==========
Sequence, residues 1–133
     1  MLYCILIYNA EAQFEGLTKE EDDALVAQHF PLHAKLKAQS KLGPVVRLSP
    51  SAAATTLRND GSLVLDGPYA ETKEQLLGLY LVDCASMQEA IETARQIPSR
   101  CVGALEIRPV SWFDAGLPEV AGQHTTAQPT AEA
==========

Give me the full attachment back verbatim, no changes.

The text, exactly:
Sequence, residues 1–133
     1  MLYCILIYNA EAQFEGLTKE EDDALVAQHF PLHAKLKAQS KLGPVVRLSP
    51  SAAATTLRND GSLVLDGPYA ETKEQLLGLY LVDCASMQEA IETARQIPSR
   101  CVGALEIRPV SWFDAGLPEV AGQHTTAQPT AEA